Post by JC Beyler
As I said before, it's not a bug, the spec is just ambiguous
because at the method definitions of the spec it just says the
jmethodIDs have to come from a GetMethodID call but the more
general spec that both I and Dean quoted say that it is the native
agent's job to ensure the class does not get unloaded to keep the
jmethod valid [1].
Post by JC Beyler
Thanks,
Jc
[1]
https://docs.oracle.com/javase/7/docs/technotes/guides/jni/spec/design.html#wp16696
I believe this describes the JNI function table, not jmethodIDs.

No, a jmethodID doesn't keep the class from being unloaded, nor do we
want it to.  This would add undue burden to the GCs, in that they would
have to trace metadata or some side structure of oops to keep classes
alive that have jmethodIDs.

Coleen
Post by JC Beyler
Post by JC Beyler
On Wed, Nov 28, 2018 at 7:38 AM Thomas StÃŒfe
Post by Thomas Stüfe
On Wed, Nov 28, 2018 at 4:03 PM
Post by c***@oracle.com
On Wed, Nov 28, 2018 at 3:59 PM Thomas StÃŒfe
Post by Thomas Stüfe
Hi Coleen,
(moved to svc-dev since David did shoo us off discuss
before :-)
Post by JC Beyler
Post by Thomas Stüfe
Post by c***@oracle.com
Post by Thomas Stüfe
If the class is unloaded, the jmethodID is cleared. 
Native code should
Post by JC Beyler
Post by Thomas Stüfe
Post by c***@oracle.com
Post by Thomas Stüfe
first test whether it's NULL.  I think that is the
predictable behavior
Post by JC Beyler
Post by Thomas Stüfe
Post by c***@oracle.com
Post by Thomas Stüfe
that the spec requires.
jmethodID method;
..
if (*method == NULL) { .. invalid method id .. }  ?
I thought jmethodid is opaque, and its value itself
cannot be changed
Post by JC Beyler
Post by Thomas Stüfe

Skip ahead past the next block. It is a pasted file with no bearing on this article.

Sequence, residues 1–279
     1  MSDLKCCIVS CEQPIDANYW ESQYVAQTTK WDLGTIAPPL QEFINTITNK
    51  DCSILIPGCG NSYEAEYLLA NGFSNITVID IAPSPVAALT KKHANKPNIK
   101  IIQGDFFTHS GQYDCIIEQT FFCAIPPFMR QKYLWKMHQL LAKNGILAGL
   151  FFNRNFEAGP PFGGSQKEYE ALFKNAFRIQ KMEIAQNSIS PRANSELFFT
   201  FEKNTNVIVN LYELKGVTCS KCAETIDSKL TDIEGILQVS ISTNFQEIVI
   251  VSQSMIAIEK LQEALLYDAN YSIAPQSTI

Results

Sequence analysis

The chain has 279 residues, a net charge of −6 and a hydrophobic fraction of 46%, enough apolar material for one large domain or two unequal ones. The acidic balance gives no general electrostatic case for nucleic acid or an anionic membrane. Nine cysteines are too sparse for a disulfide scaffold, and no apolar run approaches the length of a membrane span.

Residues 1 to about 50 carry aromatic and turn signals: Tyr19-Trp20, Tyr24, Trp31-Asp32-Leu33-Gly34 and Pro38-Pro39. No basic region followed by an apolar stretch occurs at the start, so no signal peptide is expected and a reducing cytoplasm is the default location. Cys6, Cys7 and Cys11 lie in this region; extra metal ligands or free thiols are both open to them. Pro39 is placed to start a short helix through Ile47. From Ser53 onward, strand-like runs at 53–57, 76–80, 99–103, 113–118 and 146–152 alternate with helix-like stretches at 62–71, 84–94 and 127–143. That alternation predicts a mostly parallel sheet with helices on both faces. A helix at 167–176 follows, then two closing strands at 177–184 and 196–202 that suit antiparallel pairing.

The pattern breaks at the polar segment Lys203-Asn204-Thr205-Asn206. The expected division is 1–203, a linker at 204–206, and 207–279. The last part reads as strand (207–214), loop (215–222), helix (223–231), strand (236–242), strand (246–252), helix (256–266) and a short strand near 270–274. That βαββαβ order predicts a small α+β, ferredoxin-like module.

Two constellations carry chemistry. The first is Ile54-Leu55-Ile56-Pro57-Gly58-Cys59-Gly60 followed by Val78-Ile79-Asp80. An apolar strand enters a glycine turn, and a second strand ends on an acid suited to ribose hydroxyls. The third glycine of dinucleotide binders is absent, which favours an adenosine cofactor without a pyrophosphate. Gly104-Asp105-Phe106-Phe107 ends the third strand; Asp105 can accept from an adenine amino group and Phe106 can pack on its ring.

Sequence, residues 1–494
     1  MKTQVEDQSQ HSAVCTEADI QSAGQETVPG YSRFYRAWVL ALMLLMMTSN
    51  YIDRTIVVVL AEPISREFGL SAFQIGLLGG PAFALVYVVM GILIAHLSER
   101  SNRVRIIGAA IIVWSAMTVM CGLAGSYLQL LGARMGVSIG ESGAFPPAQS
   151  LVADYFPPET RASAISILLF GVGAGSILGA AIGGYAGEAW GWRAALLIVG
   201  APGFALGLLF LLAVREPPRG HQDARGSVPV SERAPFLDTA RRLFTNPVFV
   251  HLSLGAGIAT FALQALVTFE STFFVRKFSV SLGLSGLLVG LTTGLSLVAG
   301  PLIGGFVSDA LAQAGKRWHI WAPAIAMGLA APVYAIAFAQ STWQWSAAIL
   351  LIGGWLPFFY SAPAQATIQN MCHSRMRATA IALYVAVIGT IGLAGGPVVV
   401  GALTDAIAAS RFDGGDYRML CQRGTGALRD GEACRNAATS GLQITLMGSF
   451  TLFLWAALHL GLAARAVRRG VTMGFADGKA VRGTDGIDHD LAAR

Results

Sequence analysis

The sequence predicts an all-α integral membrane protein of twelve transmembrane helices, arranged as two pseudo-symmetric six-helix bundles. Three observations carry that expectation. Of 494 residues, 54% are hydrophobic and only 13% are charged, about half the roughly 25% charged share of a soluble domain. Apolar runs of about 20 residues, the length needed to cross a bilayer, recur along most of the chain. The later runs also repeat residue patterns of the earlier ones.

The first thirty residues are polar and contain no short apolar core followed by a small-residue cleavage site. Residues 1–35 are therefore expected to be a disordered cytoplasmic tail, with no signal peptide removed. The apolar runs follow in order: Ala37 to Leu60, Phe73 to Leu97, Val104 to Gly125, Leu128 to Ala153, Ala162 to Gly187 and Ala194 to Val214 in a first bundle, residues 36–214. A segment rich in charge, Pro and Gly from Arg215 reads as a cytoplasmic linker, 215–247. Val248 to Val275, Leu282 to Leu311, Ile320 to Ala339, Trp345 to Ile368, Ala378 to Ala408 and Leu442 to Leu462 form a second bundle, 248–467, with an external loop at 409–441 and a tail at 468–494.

Post by c***@oracle.com
Post by Thomas Stüfe
from the VM, no?
Oh you probably meant "native code in the VM", not
"native JNI code".
Post by JC Beyler
Post by Thomas Stüfe
Post by c***@oracle.com
Sorry for the confusion.
I did mean native JNI code, but I actually don't know how
native JNI
Post by JC Beyler
Post by Thomas Stüfe
Post by c***@oracle.com
code is supposed to deal with nulled out jmethodIDs.
Maybe they predictably crash?
Coleen
I always thought  it would gracefully reject, e.g. on JVMTI
with
Post by JC Beyler
Post by Thomas Stüfe
JVMTI_ERROR_INVALID_METHODID.
Save that JC wrote that there are some JNI function
sequences where
Post by JC Beyler
Post by Thomas Stüfe
<quote jc>
     - Get a jmethodID and remember it
     - Wait until the class gets unloaded
     - Get the class to get reloaded and try call the old
jmethodID
Post by JC Beyler
Post by Thomas Stüfe
(which now points to NULL), the code will segfault
</quote>
which looks like just a bug to me.
It may be misuse of JNI also.  We don't guarantee a lot of
things with
Post by JC Beyler
Post by Thomas Stüfe
JNI.  Maybe instead of clearing, we could install a Method*
that throws
Post by JC Beyler
Post by Thomas Stüfe
NSME.
But I guess why leak the jmethodID memory if it's going to
crash anyway
Post by JC Beyler
Post by Thomas Stüfe
when using it?
Precisely :) We pay for it, we may just as well use it.
..Thomas
Coleen
..Thomas
--
Thanks,
Jc
--
Thanks,
Jc
JC Beyler
2018-11-28 17:04:36 UTC
Permalink
Sorry I meant:
https://docs.oracle.com/javase/7/docs/technotes/guides/jni/spec/design.html#wp17074